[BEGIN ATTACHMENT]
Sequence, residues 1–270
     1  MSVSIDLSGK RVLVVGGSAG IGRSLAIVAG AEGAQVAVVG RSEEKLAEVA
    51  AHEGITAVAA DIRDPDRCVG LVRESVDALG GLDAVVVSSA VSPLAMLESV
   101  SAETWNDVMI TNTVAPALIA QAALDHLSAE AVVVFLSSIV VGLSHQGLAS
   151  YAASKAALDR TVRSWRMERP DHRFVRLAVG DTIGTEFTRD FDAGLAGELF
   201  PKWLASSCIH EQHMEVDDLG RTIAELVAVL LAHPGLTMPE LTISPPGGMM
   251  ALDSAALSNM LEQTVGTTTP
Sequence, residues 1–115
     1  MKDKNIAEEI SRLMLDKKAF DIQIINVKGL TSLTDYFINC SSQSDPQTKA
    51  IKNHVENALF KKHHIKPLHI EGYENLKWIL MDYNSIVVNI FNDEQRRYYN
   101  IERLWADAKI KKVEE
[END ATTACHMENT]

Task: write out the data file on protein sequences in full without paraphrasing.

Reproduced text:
Sequence, residues 1–270
     1  MSVSIDLSGK RVLVVGGSAG IGRSLAIVAG AEGAQVAVVG RSEEKLAEVA
    51  AHEGITAVAA DIRDPDRCVG LVRESVDALG GLDAVVVSSA VSPLAMLESV
   101  SAETWNDVMI TNTVAPALIA QAALDHLSAE AVVVFLSSIV VGLSHQGLAS
   151  YAASKAALDR TVRSWRMERP DHRFVRLAVG DTIGTEFTRD FDAGLAGELF
   201  PKWLASSCIH EQHMEVDDLG RTIAELVAVL LAHPGLTMPE LTISPPGGMM
   251  ALDSAALSNM LEQTVGTTTP
Sequence, residues 1–115
     1  MKDKNIAEEI SRLMLDKKAF DIQIINVKGL TSLTDYFINC SSQSDPQTKA
    51  IKNHVENALF KKHHIKPLHI EGYENLKWIL MDYNSIVVNI FNDEQRRYYN
   101  IERLWADAKI KKVEE